Maurice Osborne is the man credited with stopping the sexual assault of an unidentified woman, which took place at around 11:40 a.m. on Wednesday, August 12th. The man, identified as 40-year-old Alvaro Dennica, had allegedly been fondling himself before attacking the woman on the platform. Dennica had jumped on the victim in an effort to rape her, and it was when she said that Dennica was trying to rape her that Osborne intervened and grabbed the man who responded by saying he “…didn’t do anything.” He proceeded to take the man to a police station where Dennica is currently being charged.
To be clear, the victim was sexually assaulted in broad daylight among people who didn’t have even attempt stepping in to help her. Osborne took notice of the woman when he had heard her screaming, and then rushed over to her aid. Osborne noted that he,
“wished someone else did [help her]… wished the conductor stayed. The conductor didn’t even stay. The train left.”
The story, though it lightly touches on this aspect, is encompassed by a society which doesn’t know or simply doesn’t care to respond to sexual assault victims. It brushes over the apathetic facet of a society which fosters passiveness even to the extent to which the screams of a woman do not yield a response. Had it not been for Maurice Osborne, there is no real telling what would have happened. Alvaro Dennica had so openly committed the crime, it was not the audacity of him doing it so publicly that should shock us, but the audacity of onlookers to marginalize the victim’s trauma. Dennica must have figured that no one would care enough to step in and help the woman, or that no one would believe her. Our society breeds insensitive remarks toward sexual assault victims and a good example of this would be the allegations surrounding Bill Cosby. Even though women have been accusing Cosby for years, no one heeded the allegations but had instead commented that the women were just lying and out for their 15 minutes of fame. If the screams of a woman are not enough to elicit a physical or even verbal response, to what extent would this have had to go to actually prompt swift action?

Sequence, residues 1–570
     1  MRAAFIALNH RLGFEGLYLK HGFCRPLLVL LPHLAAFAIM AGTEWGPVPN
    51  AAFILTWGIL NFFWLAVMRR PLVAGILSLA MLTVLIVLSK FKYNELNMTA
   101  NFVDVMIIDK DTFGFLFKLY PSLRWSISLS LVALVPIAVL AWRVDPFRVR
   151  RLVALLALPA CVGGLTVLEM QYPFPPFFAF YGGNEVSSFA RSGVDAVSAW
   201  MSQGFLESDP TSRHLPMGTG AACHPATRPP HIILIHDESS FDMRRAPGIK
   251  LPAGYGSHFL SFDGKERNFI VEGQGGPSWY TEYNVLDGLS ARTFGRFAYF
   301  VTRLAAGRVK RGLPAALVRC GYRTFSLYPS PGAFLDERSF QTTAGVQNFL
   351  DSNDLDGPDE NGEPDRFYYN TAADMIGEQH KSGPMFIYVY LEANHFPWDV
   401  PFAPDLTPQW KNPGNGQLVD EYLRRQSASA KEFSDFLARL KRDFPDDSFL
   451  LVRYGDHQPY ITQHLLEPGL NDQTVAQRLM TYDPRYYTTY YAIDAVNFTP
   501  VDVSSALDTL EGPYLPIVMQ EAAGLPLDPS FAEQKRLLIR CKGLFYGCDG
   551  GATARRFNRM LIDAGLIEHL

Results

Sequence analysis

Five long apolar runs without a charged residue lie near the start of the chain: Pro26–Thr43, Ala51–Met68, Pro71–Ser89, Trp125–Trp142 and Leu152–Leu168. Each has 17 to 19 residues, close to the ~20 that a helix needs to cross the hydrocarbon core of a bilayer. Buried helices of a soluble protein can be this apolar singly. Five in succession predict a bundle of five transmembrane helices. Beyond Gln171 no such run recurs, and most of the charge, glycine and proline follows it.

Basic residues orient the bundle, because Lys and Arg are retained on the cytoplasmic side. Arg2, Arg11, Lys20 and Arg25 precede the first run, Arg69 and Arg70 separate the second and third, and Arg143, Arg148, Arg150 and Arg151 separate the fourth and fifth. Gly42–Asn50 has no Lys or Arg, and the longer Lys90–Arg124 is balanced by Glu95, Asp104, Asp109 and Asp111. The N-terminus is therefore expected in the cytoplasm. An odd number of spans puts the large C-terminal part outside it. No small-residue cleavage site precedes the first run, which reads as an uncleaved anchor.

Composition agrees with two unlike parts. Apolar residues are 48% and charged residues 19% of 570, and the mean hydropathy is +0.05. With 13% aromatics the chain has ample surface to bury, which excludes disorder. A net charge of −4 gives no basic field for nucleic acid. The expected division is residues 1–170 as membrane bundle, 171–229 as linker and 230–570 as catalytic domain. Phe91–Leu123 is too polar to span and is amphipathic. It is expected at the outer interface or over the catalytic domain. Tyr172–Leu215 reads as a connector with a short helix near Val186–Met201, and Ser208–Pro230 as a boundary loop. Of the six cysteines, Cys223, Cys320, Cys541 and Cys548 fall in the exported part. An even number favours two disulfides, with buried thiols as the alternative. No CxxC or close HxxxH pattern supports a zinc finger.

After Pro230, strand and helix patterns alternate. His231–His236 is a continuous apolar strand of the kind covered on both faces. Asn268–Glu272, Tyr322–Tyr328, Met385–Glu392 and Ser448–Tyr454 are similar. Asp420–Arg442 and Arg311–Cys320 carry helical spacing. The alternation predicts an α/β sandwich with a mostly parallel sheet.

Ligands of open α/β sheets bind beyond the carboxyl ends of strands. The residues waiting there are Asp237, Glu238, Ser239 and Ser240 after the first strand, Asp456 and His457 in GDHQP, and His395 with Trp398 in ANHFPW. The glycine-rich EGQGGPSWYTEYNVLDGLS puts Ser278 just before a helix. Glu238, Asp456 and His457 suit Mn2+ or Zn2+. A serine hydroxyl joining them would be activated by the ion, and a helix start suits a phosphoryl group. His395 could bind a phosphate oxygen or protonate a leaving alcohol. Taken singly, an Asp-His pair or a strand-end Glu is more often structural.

In no way am I trying to undermine Maurice’s heroic actions (he was left with six stitches above his left eye and a swollen right hand). However, I am drawing attention to the prevalent issue at hand in regard to women who have been sexually assaulted and how the reality of a sensible society is non-existent. We often hear of victims in horrific car crashes where brave Samaritans step in to rescue them, and they come by the masses, why should this be any different?
Featured image provided by Subway Nut